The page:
These two teams look very different
The New England Patriots and Seattle Seahawks will square off for just the 18th time on Sunday night in what’s certain to be one of the best games of the season. Of course, the last time they met, they were playing for all the marbles.
The Patriots escaped Super Bowl 49 with a dramatic win thanks to Malcolm Butler’s game-sealing interception of Russell Wilson. It was one of the best games in recent memory, and it’s one that will never be forgotten by either fan base.
Yet, for as great as it was, many things have changed since then for both teams. Adjustments have been made, players have come and gone, and there are new faces on both sides of the ball. Despite all the turnover, however, the Patriots and Seahawks remain powerhouses in their respective conferences.
No Chandler Jones or Jamie Collins
The Seahawks traded away their two best offensive linemen, but the Patriots also traded away two of their best defenders. Chandler Jones, the team’s top pass rusher from Super Bowl 49, is now in Arizona, while Jamie Collins was traded to the Browns last month. That leaves two gaping holes on New England’s defense, the former of which hasn’t exactly been filled just yet. Not having these two players will make life easier for Wilson and the Seahawks’ running game.
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Much-changed secondaries for both teams
The Patriots went into the Super Bowl with Darrelle Revis and Brandon Browner as their top two cornerbacks. The Seahawks? Richard Sherman and Byron Maxwell. The Patriots enter Sunday’s game with Malcolm Butler as the No. 1 and Logan Ryan playing opposite him, while Seattle still has Sherman in their secondary. Behind him, however, there isn’t nearly as much talent. DeShawn Shead and Jeremy Lane will play much larger roles than they did last time around, which isn’t necessarily a good thing.
The Seahawks still have one of the best pass defenses in the league, but it was certainly better in 2014 when they had Maxwell in the fold. Kam Chancellor has been battling an injury, but he’s expected to play against the Patriots. The secondaries look much different, but both are still outstanding.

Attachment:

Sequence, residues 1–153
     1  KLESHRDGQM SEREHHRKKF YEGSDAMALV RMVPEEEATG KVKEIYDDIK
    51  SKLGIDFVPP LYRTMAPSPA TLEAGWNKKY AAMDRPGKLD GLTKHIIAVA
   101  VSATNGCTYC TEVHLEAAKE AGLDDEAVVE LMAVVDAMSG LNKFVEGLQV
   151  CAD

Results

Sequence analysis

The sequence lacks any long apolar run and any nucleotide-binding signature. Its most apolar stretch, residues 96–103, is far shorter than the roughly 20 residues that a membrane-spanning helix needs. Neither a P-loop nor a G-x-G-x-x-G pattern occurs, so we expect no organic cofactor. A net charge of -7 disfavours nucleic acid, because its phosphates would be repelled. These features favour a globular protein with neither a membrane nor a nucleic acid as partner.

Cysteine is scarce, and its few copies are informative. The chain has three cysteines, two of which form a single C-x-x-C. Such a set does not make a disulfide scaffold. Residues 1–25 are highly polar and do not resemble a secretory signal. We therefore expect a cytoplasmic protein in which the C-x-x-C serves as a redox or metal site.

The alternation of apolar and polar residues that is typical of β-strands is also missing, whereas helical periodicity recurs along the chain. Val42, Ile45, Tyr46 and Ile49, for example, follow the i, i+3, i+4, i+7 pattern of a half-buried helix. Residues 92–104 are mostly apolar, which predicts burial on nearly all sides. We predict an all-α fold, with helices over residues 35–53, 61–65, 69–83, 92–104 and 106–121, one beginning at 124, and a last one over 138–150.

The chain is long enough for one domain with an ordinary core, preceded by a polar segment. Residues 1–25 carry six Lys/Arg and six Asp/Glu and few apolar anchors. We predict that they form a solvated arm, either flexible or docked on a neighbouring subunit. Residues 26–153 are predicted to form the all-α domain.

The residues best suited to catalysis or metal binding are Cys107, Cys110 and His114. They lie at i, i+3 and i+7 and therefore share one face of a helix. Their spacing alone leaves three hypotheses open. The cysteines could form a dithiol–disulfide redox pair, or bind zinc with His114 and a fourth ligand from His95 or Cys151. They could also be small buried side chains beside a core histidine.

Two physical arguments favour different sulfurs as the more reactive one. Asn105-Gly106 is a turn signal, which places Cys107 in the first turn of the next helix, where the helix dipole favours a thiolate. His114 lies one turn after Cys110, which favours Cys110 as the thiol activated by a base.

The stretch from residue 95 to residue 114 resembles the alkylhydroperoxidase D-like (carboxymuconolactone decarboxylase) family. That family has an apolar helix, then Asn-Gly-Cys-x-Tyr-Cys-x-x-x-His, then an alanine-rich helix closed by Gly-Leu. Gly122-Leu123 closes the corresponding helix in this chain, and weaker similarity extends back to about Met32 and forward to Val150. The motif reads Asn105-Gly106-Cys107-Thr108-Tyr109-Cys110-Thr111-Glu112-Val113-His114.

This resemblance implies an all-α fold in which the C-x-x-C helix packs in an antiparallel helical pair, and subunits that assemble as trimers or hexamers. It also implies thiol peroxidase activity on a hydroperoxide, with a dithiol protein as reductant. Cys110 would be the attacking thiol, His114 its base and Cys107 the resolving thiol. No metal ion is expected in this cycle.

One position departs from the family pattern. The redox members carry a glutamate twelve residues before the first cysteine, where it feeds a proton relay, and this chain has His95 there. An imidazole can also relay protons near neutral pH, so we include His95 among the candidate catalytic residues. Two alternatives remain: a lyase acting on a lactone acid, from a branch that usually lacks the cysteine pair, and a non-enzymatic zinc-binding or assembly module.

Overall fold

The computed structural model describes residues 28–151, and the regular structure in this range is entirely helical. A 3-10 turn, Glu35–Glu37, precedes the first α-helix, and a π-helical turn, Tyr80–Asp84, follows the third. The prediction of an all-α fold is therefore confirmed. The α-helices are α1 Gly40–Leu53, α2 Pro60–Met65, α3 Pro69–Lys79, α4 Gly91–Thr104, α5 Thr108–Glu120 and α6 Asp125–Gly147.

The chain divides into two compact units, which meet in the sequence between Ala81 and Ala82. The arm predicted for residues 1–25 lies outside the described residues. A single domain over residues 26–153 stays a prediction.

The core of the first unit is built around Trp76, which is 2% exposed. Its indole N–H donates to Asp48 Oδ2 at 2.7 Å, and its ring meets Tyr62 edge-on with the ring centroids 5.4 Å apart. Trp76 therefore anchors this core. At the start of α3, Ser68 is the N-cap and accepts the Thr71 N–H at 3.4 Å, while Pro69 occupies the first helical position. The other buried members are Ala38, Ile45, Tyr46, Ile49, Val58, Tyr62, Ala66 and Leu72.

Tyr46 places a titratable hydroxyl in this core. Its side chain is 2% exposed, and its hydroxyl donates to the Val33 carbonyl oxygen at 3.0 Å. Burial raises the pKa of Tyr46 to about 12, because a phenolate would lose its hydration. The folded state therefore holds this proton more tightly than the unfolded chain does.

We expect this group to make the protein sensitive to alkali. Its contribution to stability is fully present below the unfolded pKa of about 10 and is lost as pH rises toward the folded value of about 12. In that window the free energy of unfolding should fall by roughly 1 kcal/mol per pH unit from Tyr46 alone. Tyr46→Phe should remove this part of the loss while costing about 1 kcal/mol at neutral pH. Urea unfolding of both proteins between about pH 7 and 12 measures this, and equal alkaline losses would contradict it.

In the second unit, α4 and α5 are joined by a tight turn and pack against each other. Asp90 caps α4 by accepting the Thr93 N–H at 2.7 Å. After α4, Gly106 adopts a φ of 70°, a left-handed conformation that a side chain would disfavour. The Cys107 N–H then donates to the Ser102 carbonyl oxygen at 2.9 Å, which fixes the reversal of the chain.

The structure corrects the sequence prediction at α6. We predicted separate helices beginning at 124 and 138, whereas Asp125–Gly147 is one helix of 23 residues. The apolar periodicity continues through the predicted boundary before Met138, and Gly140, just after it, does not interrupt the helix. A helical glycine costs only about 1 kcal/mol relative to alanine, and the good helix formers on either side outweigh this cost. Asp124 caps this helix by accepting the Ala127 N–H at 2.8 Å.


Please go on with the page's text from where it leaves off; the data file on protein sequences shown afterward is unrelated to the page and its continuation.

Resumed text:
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The addition of Jimmy Graham
The Patriots had two tight ends catch a pass in the Super Bowl two years ago. The Seahawks had none. While the Patriots are likely to have two with receptions on Sunday, the Seahawks almost certainly will not have their tight ends go reception-less. Jimmy Graham was acquired last offseason in a trade for Max Unger, and his impact on the Seahawks this season has been profound.
New England’s safeties are outstanding and can match up with Graham, but he brings an added element as a big-play tight end that they were missing in the Super Bowl. It was a steep price to pay – one that significantly hurt Seattle’s offensive line, but Graham has a chance to be Wilson’s favorite target.
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A new-look offensive line for Seattle
The Seahawks had a decent offensive line during the 2014 season, but it can no longer be categorized as such. Now, it’s just downright terrible. Only one starter remains, Justin Britt, who has since moved from right tackle to center. He’s played well there, but his fellow linemen have not. The offensive line is now filled with no-name players failing to fit the bill after trading away Russell Okung and Max Unger.
The Patriots don’t have a relentless pass rush by any means, but Russell Wilson will probably still be running for his life more often than not on Sunday night – mainly because his linemen can’t block anyone.
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Malcolm Butler is a Pro Bowler
On Feb. 1, 2015, Malcolm Butler became a hero in New England. He single-handedly saved the Patriots from a crushing defeat, intercepting Wilson’s pass on the goal line. Fast-forward a year and a half, and he’s a Pro Bowl cornerback with an unmatched swagger. He’s cemented his place as the team’s top corner and isn’t a player many quarterbacks test fairly often. He’s no longer an out-of-nowhere Super Bowl hero. He’s an every-down defensive back who’s sure to have a big impact on Sunday’s game.
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Marshawn Lynch is gone
The biggest difference entering Sunday night’s game is the absence of Beast Mode, or Marshawn Lynch. He’s since retired from the NFL, sailing off into the sunset as one of the most physically imposing running backs the league has ever seen. The Seahawks likely would have been back-to-back Super Bowl champions had Russell Wilson handed Lynch the ball on the goal line, but that’s already been discussed.
Now, the Seahawks have Christine Michael at running back, a much different runner of the football. He’s shiftier but not nearly as effective as Lynch was in 2014. Michael has rushed for 447 yards and six touchdowns this season, filling in for the injured Thomas Rawls.
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